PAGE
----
Innovative particle tracking to quantify soil erosion and sediment transport processes under global change
- Dr. Ryan Stewart, School of Plant and Environmental Sciences
- Dr. Kevin McGuire, Forest Resources and Environmental Conservation
- Dr. W. Cully Hession, Biological Systems Engineering
- Dr. Nicholas Polys, Computer Science
Despite decades of prevention efforts, soil erosion remains among the most serious soil degradation and water quality problems facing society. Erosion causes excess stream sedimentation, which threatens water quality due to bound substances such as pesticides, nutrients, bacteria, and antibiotic resistant genes (ARGs). Issues with erosion are likely to accelerate under global change, for instance due to land use changes and greater precipitation intensities. However, current tools for measuring soil erosion processes are rudimentary, meaning that the kinetics and controls of eroding soil are not well understood. Similarly, relatively little is known about particle transit times from fields to surface water bodies, thus forming a key source of uncertainty for watershed management programs. In response to these critical knowledge gaps, we will develop soil-particle tracking sensors using Radio Frequency Identification Device (RFID) technology. Labeled particles will form a distributed soil erosion sensor that will open new opportunities to detect, quantify, and model soil transport processes.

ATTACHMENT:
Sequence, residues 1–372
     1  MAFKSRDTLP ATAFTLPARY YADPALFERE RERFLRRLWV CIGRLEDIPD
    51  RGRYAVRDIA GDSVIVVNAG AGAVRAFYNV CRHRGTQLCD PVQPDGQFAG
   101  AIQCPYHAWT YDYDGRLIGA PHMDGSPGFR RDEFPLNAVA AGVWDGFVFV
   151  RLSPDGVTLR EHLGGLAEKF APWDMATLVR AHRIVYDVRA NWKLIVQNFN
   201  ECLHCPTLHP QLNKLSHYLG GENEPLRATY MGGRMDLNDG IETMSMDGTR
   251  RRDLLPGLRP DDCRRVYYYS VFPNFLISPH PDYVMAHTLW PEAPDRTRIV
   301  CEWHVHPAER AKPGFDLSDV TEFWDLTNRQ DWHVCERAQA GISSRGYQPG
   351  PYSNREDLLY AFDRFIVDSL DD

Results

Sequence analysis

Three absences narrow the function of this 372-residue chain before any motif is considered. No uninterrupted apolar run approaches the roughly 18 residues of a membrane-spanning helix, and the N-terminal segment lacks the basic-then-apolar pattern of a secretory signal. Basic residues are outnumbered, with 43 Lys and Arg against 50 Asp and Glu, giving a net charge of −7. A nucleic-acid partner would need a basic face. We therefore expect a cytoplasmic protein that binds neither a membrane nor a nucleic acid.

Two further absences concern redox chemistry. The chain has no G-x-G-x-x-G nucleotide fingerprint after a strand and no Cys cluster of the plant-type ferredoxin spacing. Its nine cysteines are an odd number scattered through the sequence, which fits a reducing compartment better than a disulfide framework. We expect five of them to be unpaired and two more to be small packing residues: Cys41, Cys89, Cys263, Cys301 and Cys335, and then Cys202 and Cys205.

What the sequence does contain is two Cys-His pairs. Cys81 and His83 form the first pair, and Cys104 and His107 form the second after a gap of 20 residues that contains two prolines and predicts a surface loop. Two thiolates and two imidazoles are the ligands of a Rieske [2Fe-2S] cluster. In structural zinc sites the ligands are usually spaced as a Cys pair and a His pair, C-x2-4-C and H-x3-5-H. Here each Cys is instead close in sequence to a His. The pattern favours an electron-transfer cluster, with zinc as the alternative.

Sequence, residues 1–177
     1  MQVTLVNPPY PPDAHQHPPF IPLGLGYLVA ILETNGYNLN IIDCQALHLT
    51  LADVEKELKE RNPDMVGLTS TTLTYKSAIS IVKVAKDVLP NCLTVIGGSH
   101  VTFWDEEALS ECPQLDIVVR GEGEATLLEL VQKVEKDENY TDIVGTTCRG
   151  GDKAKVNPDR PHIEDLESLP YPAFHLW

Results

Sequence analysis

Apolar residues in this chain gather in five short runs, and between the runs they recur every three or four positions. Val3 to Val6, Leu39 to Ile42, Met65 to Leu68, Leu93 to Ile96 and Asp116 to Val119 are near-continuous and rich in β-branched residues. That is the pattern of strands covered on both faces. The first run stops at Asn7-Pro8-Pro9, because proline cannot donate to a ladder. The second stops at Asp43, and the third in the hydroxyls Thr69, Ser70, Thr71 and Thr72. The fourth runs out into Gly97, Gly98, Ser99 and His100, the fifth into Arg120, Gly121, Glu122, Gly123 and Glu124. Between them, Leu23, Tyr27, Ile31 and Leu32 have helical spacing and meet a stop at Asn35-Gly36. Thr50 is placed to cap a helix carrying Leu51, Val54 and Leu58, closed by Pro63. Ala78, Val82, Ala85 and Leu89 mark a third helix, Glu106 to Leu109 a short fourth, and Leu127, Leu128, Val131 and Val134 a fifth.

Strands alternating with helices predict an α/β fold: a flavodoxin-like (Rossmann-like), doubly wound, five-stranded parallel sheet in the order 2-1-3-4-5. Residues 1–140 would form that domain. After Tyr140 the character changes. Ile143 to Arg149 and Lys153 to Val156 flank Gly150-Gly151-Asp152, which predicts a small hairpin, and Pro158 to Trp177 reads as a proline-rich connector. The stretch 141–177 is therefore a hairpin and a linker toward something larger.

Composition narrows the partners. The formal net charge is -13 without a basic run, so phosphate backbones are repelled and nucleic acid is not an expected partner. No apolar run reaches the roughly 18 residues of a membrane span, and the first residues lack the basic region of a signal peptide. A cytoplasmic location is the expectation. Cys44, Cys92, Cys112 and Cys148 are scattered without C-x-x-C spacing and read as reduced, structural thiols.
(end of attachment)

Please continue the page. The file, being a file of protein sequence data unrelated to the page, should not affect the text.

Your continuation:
Our main objectives are to:
1) develop sensors and detection units, and
2) verify their performance in plotscale experiments.
Our primary objectives are to develop and validate the micro-RFID particle tracking sensors, working with Microsensys, Inc., a leader in small-scale RFID technology, to develop micro-chips (< 0.5 mm) and corresponding readers for field use. However, this effort represents only the first critical step in a much larger endeavor to address pressing environmental issues with direct relevance to global system sciences and data analytics, specifically by developing technology that will have the potential to generate large and novel datasets that can better predict erosion processes under global change.
Example of a MicroSensys micro-RFID transponder and reader used to track bumblebee movement. Images from collaborator Dr. T’ai Roulston, University of Virginia.